To do this, I’ll need to set that up as my home page in my site settings.

Go to Settings > Reading, and next to Front page displays, select A static page. The select the Activity page. Finally, click the Save Changes button.

WordPress selecting a static page as the home page

To set up your site’s navigation, go to Appearance > Menus. If your site doesn’t already have a menu set up, create one. Then add the pages (BuddyPress and other pages) you want to include in your main navigation menu, and make sure you’ve got Primary Navigation checked so it shows up in the right place.

I’ve chosen to structure my navigation with sub level items so that the menu isn’t too unwieldy:

Creating a menu in WordPress

Now save your menu by clicking the Save Menu button.

Configuring Widgets

I want to add some widgets to the sidebar and footer to allow easy access to recent posts in the internal blog as well as BuddyPress activity. You might need some slightly different ones – let’s get those set up.

Go to Appearance > Widgets or open the Customizer and access the widgets from there.

WordPress widgets screen

My theme has widget areas in the sidebar and footer: what you have will depend on your theme.

BuddyPress provides you with seven widgets:

  • Friends – lets logged in users see their friends’ activity
  • Log in – lets users log in
  • Recently active members – shows users what’s new
  • Who’s Online – displays the profile photos of everyone currently logged in.
  • Groups – shows group activity
  • Members – a list of active members
  • Sitewide Notices – displays notices posted by the administrator.

For an intranet, some of those are particularly useful, including Groups and Sitewide Notices. I’m also going to add the Recent Posts widget, which come built in with WordPress.

Take some time to identify which widgets you need and add them to the relevant widget areas in your theme.

I’m going with the following:

  • Sidebar: Site-wide Notices, Search, Groups, Recent Posts.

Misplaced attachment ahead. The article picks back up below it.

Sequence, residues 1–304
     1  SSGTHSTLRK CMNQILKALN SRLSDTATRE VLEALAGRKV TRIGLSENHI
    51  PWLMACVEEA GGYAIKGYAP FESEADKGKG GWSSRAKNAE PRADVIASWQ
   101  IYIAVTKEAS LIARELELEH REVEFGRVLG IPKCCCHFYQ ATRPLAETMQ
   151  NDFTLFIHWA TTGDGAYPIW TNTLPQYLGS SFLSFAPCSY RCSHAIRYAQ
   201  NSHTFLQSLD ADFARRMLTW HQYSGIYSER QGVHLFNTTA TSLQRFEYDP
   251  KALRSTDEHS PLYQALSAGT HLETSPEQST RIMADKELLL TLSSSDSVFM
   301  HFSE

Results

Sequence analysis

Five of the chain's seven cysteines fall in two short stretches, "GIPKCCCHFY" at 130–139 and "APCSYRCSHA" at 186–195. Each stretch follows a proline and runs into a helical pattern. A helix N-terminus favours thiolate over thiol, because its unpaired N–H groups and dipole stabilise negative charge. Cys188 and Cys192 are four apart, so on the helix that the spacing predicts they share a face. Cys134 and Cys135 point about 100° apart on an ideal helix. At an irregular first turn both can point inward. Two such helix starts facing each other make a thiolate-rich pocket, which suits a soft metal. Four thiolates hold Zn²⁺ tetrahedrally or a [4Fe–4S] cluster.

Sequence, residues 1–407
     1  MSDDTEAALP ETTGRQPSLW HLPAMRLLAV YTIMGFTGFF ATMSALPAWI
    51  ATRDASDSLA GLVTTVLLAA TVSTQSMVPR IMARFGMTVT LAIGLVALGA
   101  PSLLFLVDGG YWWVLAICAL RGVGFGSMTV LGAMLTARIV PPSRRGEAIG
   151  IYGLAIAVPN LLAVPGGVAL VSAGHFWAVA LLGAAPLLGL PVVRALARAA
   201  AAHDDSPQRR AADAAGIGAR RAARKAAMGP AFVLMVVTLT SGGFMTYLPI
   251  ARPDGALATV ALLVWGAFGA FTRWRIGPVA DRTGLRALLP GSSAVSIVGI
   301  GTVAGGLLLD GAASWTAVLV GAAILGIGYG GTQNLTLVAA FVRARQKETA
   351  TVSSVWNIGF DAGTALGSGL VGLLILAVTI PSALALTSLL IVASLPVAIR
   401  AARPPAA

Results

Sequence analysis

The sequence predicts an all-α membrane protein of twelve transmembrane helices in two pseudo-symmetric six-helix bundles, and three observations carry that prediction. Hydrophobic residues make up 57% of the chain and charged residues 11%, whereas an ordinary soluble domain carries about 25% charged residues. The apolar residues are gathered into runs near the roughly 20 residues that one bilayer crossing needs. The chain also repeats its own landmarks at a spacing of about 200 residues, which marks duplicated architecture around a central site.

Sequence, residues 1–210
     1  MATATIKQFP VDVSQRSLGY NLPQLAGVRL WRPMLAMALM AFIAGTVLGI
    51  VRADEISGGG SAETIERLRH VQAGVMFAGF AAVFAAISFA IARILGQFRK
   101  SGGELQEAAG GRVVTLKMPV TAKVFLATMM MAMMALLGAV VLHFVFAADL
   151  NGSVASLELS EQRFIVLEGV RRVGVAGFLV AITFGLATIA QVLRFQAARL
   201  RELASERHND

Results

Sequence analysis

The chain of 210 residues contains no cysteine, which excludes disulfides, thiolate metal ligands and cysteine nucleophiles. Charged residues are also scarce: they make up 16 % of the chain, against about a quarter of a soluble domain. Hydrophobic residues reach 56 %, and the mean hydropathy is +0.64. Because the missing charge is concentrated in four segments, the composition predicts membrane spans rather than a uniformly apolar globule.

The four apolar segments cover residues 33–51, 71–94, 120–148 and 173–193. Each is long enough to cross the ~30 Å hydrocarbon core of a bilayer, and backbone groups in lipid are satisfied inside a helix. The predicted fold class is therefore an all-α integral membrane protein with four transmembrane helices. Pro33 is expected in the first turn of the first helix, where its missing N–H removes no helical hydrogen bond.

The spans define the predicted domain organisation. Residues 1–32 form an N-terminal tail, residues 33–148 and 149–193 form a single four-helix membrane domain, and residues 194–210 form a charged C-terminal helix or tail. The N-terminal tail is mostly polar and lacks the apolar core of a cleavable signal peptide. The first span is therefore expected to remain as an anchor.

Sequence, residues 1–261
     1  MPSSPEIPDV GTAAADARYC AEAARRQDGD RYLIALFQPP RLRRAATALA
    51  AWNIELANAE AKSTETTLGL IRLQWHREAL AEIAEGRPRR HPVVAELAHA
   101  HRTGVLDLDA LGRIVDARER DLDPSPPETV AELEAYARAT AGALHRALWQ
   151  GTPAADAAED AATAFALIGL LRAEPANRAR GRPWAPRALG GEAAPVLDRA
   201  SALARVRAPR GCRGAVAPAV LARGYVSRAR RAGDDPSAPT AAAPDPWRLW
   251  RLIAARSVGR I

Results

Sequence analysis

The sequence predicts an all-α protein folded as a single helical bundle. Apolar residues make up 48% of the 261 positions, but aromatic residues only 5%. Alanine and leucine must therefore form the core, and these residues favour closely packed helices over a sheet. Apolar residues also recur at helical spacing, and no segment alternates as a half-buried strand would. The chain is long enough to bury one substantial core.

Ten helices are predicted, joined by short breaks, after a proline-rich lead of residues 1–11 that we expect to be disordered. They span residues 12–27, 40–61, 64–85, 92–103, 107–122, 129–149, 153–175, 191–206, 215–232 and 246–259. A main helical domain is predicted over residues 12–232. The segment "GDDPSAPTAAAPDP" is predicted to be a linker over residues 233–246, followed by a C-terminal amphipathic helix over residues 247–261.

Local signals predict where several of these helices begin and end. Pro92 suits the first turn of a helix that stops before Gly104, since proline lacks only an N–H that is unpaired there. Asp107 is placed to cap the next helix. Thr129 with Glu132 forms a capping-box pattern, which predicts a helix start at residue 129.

• Below Content: Who’s Online, Members.

I’m using the Twenty Sixteen theme as it has a sidebar widget area plus two widget areas under the content, which do the same job as a footer widget area.

If you’re setting up a staff intranet, I recommend adding widget areas to your theme if you need more, to give yourself as much flexibility as possible.

Here’s how my intranet is looking so far:

BuddyPress activity page

It’s a bit bare right now, but that will change as people start using our intranet and adding content to it. In a future post, I’ll show you how to add users, set up groups, and manage your intranet.

Forcing Users to Log In

You may have noticed that I didn’t include a login widget on my site. This was deliberate because I don’t want anyone to have access to the site without logging in first. So I’m going to install a plugin that will force users to log in via the WordPress login screen before they can see anything on the intranet.

The plugin is called Force Login and all you need to do is install and activate it on your site. Then when anyone visits the site, they’ll see the WordPress login screen before they can access it:

WordPress login screen

If you want to brand your login screen to make it look more professional, you can use our Ultimate Branding plugin.

You now have an intranet that’s ready for you to start adding users, groups, and content.

BuddyPress Makes Setting up a Staff Intranet Easy

BuddyPress is a great tool for creating an intranet for your company or organization, and something I’ve used with varied clients, including business, voluntary organizations, and schools.

It lets you create a secure online environment where your staff can see the latest internal news and interact with each other.  And once you’ve got it up and running, the next step is to manage it and get the most from it, which I’ll cover in a future post. Watch this space!

Have you set up a staff intranet before? What other modifications would you want to make for an intranet? Share your thoughts in the comments below.

Rachel McCollin

Rachel McCollin Rachel is a freelance web designer and writer specializing in mobile and responsive WordPress development. She's the author of four WordPress books, including WordPress Pushing the Limits, published by Wiley.